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Please Don’t Feed the Landfills: Food Composting on a Commercial Scale

June 24, 2015 by · Leave a Comment 

By Matt Baker

Reducing the amount of food we send to landfills can have significant financial and environmental benefits. One method for dealing with our leftovers is composting. But can it scale up to a commercial scale where those benefits could be maximized?
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Waste Management’s Dirty Little Secret

March 26, 2015 by · 1 Comment 

By Linda Seggelke

The hauling and handling of garbage is a job that few of us really want to think about. But we should, because the industry has a huge potential to increase landfill diversion, resource conservation, material reuse and, perhaps most importantly, jobs.
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The Field Museum Achieves LEED Gold

March 16, 2015 by · Leave a Comment 

Chicago’s Field Museum is one of the world’s largest natural history museums and now one of just two such institutions in the nation to earn LEED-EB O+M Gold certification. The museum had twice obtained LEED ID+C Gold for its Conservation Hall and again for the 3D theater; this rating for the property as a whole further demonstrates The Field’s commitment to improve building efficiencies.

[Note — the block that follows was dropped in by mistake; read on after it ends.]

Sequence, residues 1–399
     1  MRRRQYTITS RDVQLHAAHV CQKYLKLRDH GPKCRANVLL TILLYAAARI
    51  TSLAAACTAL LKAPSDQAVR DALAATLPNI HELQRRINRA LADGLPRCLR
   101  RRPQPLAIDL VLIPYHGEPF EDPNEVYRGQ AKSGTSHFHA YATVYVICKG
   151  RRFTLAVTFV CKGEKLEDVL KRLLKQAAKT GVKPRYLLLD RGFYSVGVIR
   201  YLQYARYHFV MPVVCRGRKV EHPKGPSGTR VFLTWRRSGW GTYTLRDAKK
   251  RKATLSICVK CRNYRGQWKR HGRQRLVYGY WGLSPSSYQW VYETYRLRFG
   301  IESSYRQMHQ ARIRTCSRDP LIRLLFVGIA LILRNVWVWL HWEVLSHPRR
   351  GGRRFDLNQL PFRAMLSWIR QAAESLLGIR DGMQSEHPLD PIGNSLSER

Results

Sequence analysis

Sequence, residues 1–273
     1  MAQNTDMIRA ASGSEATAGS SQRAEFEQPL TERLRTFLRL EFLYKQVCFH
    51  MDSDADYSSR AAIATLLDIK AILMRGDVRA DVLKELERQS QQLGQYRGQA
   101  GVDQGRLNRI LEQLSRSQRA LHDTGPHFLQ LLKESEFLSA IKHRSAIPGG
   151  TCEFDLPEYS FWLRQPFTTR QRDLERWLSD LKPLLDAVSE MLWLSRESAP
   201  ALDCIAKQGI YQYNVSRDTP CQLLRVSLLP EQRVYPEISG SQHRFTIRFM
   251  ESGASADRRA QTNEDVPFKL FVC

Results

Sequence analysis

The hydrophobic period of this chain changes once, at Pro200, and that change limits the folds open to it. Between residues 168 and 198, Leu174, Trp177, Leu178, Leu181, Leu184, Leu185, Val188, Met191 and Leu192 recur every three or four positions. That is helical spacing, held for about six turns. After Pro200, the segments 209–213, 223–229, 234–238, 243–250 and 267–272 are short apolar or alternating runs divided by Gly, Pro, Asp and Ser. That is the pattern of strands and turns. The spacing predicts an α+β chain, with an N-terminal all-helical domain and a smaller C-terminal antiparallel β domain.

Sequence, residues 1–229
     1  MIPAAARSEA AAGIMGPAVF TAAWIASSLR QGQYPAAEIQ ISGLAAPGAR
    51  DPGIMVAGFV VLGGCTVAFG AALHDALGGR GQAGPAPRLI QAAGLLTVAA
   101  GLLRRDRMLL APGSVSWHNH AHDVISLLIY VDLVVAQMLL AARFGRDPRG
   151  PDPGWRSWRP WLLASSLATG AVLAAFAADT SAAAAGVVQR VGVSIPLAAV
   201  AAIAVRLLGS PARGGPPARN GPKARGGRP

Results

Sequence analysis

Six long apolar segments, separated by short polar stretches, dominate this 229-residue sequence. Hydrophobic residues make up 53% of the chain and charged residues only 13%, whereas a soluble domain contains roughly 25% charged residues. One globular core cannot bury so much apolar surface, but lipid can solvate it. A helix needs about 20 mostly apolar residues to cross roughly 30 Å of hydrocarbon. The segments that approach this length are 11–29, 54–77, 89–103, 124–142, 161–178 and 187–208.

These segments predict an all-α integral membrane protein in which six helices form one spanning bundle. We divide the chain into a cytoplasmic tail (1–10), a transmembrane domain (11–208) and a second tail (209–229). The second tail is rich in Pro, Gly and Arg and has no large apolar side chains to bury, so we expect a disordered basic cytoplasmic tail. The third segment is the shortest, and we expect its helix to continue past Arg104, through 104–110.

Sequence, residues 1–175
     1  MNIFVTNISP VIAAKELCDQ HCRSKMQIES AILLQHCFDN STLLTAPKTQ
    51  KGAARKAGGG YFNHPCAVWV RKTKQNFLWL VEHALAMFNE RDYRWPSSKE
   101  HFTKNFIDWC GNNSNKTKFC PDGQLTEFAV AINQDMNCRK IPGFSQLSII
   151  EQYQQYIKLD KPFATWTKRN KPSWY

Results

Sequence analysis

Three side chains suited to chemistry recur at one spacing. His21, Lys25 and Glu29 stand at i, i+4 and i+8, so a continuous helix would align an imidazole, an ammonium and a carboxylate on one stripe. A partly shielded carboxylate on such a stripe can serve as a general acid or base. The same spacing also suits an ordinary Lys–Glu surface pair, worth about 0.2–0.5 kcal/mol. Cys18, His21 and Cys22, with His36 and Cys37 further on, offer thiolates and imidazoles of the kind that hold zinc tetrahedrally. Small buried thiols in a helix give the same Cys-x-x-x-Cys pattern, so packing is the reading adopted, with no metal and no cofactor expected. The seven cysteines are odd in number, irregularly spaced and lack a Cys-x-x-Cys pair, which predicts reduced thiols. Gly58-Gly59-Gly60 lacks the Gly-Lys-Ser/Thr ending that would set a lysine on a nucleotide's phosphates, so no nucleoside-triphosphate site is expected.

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Rethinking Your Building’s Waste Infrastructure

June 25, 2014 by · Leave a Comment 

By Matt Baker

We often think of waste in our buildings as a burden, as something that must be dealt with. “I want to disavow that notion and talk about how you can think of your waste stream as an asset in your organization, not a liability,” said Kevin Dick.
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Hubble Middle School: Designing for the Future

December 16, 2010 by · Leave a Comment 

By Matt Baker

When School District 200 approached Legat Architects seeking a firm to design a new middle school for the Wheaton/Warrenville area, they had specific requests and parameters. What school officials didn’t expect was to have the tables turned on them. “If you were to design your own workspace or classroom, what would you design it to be?” That’s the question Legat’s Patrick Brosnan, who served as principal on the project, put to the faculty and staff. “In fifty years, how would you be using the classroom? Because it will still be there in fifty years.”
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Seeds of Change: Vertical Farming Comes to the South Side

June 10, 2010 by · 2 Comments 

When the global population first entered the billions, Napoleon was reshaping Europe, Beethoven and Haydn were contemporary musicians and the cutting edge in technology was the steamship. That population would double sometime between the World Wars and by the turn of the millennium, humanity numbered over six billion. Of course, we’re not done; estimates suggest that by the year 2050, a world census could come in somewhere between nine and ten billion.
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